Denmark) found that the modified Atkins diet produced results
similar to the classic ketogenic diet in reducing epileptic
seizures.


A Ketogenic Diet Reduces the Body Weight and Lowers Blood
Sugar and Cholesterol



Many studies have confirmed that a ketogenic diet reduces
body weight.  The reason that weight loss occurs is because, in
a carbohydrate-poor environment,  your body is forced to use
stored body fat as fuel to produce glucose (ketones).  


A 2004 study from the Faculty of Allied Health Sciences in
Kuwait University looked at how a ketogenic diet affected
weight loss in obese people over a 6 month (24 week) period.
The diet consisted of  30 grams of  carbohydrate in the form of
green vegetables and salad, 1 g of protein per kilogram of body
weight in the form of fish, meat, poultry, eggs and shellfish,
20% saturated fat, and 80% polyunsaturated and mono-
unsaturated fat.  


The participants included 83 people (39 men,44 women) with a
body mass index over 35 and an average starting weight of
101 kilograms (222 pounds) with high blood sugar and high
cholesterol levels.


At the end of 6 months, the average weight of the participants
was 86.67 kilograms (190 pounds) for a weight loss of  14.3
kilograms (31.5 pounds). The ending BMI was 32, down from
35.


Blood sugar levels dropped from 7.26 mmol/L  to 5.62
mmol/L. Doctors define a normal fasting blood sugar level at
100 mg/dL or below (5.6 mmol/L). Levels above 126 mg/dL (
7 mmol/L) on 2 separate occasions means you have Type 2
diabetes.


What this means is that the participants were diabetic at the
start of the experiment. By the end of 6 months of a ketogenic
diet, they have
normal blood sugar levels.


As for cholesterol, LDL (bad)
cholesterol declined from 4.1
mmol/L to 3.3 mmol/L, a drop of 19.5%.


But What Are The Downsides of the Ketogenic Diet?



Despite the obvious benefits of a ketogenic diet, there are many
reported complications. Most of the complications are transient.
However, some were serious.


A 2004 study from Inje University College of Medicine, Sang-
gye Paik Hospital in South Korea tried to identify early and late
onset complications from the ketogenic diet. The study, of 129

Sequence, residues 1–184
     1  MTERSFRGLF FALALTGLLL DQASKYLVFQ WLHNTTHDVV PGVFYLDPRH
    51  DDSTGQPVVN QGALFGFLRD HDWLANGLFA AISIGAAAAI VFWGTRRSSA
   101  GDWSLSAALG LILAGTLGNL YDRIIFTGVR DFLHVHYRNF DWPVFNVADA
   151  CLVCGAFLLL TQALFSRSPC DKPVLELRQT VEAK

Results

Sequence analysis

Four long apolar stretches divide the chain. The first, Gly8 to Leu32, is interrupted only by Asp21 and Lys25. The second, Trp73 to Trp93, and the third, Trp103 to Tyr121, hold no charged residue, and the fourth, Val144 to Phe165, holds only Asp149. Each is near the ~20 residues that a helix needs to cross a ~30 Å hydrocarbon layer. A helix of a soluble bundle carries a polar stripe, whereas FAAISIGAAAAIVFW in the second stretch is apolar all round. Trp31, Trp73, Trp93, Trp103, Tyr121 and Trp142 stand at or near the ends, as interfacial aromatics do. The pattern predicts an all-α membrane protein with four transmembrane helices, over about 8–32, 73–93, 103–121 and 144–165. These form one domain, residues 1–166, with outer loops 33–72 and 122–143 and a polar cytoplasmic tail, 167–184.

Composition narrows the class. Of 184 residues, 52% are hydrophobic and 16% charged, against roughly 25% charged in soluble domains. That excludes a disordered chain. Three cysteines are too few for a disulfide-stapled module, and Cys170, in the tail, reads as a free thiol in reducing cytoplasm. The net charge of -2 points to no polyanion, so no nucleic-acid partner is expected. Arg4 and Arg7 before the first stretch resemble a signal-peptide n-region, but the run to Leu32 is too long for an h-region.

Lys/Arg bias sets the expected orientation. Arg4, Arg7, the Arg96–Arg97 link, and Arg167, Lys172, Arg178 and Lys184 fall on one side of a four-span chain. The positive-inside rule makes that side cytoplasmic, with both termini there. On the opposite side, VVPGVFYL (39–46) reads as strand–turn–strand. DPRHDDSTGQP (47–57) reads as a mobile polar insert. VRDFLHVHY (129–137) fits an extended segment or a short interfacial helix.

people children on a ketogenic diet for 6 years, reported the
following  complications, some of which may not have had
anything to do with the diet itself but were experienced by
participants and therefore noted:



-dehydration, which occurs often in patients who start the
ketogenic diet with an initial fast


-stomach and intestinal problems including diarrhea,
constipation and  nausea/vomiting.


-high triglyceride numbers initially


-high cholesterol numbers


-low protein levels


-various infectious disease


-low blood sugar( symptomatic hypoglycemia)


-low magnesium,

-repetitive hyponatremia,


-low levels of
HDL (good) cholesterol

-lipoid pneumonia due to aspiration (in hospital)

-hepatitis,

-acute pancreatitis,

-persistent metabolic acidosis.

-
osteopenia,

-renal stones,

-cardiomyopathy

-secondary hypocarnitinemia,

-iron-deficiency
anemia

-sepsis (blood poisoning)


During the 6 years, 3 people died from causes which may not
have had a connection to the diet, of pneumonia and sepsis.




The Only Safe Way to Follow the Ketogenic Diet

The ketogenic diet is not for amateurs. You should talk with
your doctor before you begin the diet in order to understand
whether your body presents any special problems that make it
unwise to cut down so drastically on carbohydrates.

Many people, and many studies, on the ketogenic diet begin
with a cleansing fast, to "wipe the slate clean", so to speak.
You'll need to clear this decision to fast also with your doctpr.